Market Street to Ban Private Vehicles in Coming Years

Once again we start the week talking about construction, and projects in the works. That might be because construction is taking place all over the City, and San Francisco will emerge in a few years as a very different place. Fingers crossed, all for the better!

Hoodline reported last week that significant changes are coming to Market Street. We’ve heard about this for years, but it looks like construction could start in late 2018 or early 2019.

The $604 million Better Market Street project is set to bring pedestrian, bicycle, and public transportation improvements to 2.2 miles of one of the City’s busiest streets, between Octavia Boulevard and the Embarcadero.

Once the project is completed, plans include restricting private vehicles from certain portions of the street. Market between 10th Street and the Embarcadero could only see commercial vehicles, buses and the historic F-Line streetcars.

For more details and to see some illustrations that show how Market Street may look in the coming years, click here.

United Shades of America

Have you seen the show United Shades of America on CNN? If you have, then you know what we’re talking about. If you haven’t, then you’ve got to see it.  The Chronicle just profiled its star, W. Kamau Bell, who got his big break with a one man show in San Francisco called “The W. Kamau Bell Curve: Ending Racism in About an Hour.”

Now, on United Shades of America, he travels the country, and talks with people from all walks of life — from members of the  KKK to Muslims living in American cities, from folks in Appalachia to residents of our own Chinatown. As the Chronicle puts it, the Berkeley resident has “an eminently likable, calm but confrontational style that encourages political adversaries to just … keep … talking.”

He has in-depth and revealing conversations with people of all stripes, and more often than not  what you see is far different than what you might expect — defying stereotypes. He is in their homes and neighborhoods, and he’s very good at finding common ground. He seems to offer a more hopeful picture for our country than you might find elsewhere. The challenges are clearly there, but the people you meet through the show have a story to tell. More often than not, they are simply trying to make a better life for themselves, and for their children. It’s a remarkable journey.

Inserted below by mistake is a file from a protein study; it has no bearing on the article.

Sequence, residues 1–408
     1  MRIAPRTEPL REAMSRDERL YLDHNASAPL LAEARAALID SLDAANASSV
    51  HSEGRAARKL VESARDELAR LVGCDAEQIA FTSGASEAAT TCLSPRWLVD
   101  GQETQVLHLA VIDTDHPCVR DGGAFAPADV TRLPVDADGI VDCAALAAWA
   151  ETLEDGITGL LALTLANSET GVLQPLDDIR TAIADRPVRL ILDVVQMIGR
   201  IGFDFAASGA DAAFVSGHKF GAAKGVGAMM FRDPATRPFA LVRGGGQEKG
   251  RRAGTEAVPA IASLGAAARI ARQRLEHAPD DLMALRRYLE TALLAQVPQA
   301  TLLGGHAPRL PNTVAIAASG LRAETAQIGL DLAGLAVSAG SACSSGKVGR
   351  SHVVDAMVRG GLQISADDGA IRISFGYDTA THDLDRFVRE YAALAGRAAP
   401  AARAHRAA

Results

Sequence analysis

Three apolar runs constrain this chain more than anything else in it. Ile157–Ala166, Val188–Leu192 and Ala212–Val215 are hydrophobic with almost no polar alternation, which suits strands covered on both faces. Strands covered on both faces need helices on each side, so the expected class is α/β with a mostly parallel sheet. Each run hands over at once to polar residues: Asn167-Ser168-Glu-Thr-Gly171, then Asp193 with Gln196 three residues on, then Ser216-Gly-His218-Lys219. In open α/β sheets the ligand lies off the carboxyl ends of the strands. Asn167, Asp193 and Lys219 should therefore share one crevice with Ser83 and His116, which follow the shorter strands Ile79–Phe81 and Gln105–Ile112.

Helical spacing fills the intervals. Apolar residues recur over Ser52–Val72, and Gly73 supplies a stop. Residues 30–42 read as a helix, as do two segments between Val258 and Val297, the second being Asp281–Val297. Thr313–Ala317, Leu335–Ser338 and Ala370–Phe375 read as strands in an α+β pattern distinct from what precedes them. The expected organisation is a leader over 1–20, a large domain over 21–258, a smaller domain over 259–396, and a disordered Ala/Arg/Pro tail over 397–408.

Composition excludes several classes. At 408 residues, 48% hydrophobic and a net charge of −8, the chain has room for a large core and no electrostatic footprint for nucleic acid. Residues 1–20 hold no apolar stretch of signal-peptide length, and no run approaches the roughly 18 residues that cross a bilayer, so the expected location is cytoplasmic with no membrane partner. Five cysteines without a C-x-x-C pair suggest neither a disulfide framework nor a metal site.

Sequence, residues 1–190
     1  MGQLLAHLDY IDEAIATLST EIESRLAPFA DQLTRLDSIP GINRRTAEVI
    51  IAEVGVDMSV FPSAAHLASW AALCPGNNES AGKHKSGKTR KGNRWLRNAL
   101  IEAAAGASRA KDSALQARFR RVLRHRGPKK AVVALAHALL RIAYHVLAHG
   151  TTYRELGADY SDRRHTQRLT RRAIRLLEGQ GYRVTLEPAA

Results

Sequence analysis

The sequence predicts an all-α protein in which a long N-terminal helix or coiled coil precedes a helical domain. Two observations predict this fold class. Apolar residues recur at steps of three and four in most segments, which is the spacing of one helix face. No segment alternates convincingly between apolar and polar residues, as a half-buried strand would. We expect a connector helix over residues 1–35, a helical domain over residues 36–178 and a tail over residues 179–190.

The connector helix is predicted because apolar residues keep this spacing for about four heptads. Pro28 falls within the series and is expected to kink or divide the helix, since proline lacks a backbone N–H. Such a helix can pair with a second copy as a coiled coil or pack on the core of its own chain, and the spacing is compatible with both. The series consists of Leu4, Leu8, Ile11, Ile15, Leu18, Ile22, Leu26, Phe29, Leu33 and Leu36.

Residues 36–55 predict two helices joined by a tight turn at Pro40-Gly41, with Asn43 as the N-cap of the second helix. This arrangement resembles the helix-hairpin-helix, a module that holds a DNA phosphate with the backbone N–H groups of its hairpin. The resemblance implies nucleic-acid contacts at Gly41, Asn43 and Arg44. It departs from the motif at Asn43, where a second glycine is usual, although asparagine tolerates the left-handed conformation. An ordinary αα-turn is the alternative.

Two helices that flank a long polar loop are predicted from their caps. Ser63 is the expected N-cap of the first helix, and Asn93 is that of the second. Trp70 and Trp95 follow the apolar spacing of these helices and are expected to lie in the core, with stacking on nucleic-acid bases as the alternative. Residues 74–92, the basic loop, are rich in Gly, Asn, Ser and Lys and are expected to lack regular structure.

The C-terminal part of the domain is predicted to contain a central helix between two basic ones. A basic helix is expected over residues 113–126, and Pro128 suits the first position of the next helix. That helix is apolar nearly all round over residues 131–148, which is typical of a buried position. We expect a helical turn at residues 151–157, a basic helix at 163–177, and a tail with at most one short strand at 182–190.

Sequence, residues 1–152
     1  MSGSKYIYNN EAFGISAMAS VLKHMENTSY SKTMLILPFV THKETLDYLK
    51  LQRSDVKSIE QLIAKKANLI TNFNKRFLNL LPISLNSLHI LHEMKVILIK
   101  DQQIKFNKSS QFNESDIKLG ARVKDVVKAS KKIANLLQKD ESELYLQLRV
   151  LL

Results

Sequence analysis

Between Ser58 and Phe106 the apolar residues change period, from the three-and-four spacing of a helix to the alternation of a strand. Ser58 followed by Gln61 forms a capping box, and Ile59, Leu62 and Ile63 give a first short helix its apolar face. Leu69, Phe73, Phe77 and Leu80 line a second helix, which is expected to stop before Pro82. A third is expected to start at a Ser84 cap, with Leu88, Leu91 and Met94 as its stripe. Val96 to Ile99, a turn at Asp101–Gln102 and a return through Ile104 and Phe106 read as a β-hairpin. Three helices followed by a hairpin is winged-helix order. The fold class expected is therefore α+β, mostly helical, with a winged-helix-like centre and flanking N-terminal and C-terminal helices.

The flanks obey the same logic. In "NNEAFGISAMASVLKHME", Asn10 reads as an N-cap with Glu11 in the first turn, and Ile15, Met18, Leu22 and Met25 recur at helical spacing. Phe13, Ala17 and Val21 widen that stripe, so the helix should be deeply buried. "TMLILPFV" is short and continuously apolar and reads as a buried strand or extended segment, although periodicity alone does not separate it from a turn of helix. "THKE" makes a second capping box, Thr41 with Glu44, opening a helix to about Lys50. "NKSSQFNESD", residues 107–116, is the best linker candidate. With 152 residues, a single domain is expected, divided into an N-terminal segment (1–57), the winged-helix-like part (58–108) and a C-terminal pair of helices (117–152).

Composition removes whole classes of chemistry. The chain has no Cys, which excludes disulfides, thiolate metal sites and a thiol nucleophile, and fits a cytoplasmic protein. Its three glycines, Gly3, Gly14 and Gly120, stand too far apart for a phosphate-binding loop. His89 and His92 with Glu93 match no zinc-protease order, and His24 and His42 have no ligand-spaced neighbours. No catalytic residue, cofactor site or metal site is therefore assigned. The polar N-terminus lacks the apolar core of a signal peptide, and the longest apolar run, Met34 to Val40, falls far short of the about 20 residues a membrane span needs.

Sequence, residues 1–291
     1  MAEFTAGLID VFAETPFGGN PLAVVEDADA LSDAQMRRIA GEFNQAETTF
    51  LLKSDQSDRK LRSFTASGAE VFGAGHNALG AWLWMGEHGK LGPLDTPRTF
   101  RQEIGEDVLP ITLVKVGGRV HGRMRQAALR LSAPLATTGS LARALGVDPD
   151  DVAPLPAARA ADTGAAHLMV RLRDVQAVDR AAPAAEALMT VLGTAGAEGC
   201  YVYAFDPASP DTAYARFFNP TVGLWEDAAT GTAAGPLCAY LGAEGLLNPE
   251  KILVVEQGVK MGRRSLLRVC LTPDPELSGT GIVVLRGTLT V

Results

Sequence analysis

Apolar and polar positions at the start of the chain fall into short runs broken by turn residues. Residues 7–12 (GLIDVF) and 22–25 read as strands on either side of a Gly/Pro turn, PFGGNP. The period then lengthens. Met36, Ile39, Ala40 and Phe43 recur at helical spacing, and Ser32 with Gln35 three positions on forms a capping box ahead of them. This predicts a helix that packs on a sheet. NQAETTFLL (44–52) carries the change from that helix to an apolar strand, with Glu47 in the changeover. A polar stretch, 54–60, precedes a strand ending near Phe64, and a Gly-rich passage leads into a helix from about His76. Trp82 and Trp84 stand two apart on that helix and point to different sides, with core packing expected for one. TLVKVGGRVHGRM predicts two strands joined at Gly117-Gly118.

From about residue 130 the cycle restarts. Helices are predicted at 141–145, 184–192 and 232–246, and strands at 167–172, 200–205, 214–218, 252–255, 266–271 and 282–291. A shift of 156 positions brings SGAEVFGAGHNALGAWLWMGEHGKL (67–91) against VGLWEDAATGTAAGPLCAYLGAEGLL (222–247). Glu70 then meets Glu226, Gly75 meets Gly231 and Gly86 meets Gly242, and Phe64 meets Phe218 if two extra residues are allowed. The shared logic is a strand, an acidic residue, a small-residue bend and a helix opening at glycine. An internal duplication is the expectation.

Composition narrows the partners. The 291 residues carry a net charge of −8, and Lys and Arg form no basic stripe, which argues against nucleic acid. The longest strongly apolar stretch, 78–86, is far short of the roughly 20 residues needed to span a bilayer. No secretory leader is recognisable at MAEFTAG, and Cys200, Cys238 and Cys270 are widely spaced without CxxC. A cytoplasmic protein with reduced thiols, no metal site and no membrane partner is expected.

To learn more, visit www.cnn.com/shows/united-shades-of-america.

Sleep Like a Baby to L.A.

Okay, we can’t really promise you’ll sleep like a baby, but according to sf.curbed.com,  a new service will offer  travelers the chance to get to Los Angeles overnight on a big cushy rig — they don’t like the word bus — complete with stacks of two dozen “sleep pods.”

The service will launch full-time on July 14. Trips roll out at 11 PM and arrive at seven o’clock the next morning. There’s Wi-Fi and an on-board lounge for those who can’t sleep.

A one-way ticket will cost you $115. To learn more, click here.

SF Has More Parks Per Square Mile than Any Other U.S. City

The Trust For Public land, a non-profit dedicated to creating public parks, hailed San Francisco this month as the first U.S. city to achieve almost total recreation saturation, estimating two weeks ago that anywhere in San Francisco is within half a mile of one of the City’s roughly 220 parks.

Nationally, only Arlington, Virginia and Boston, Massachusetts come close to San Francisco’s perfect 100, both coming in at 98 percent according to a recent sf.curbed.com report. The Trust looked at the nation’s 100 largest cities when putting together these rankings.

The Trust also estimates that some 20 percent of the area of San Francisco altogether is now parkland. That’s enough to net San Francisco third place in the ParkScore report, behind Minneapolis and Saint Paul the Twin Cities in Minnesota.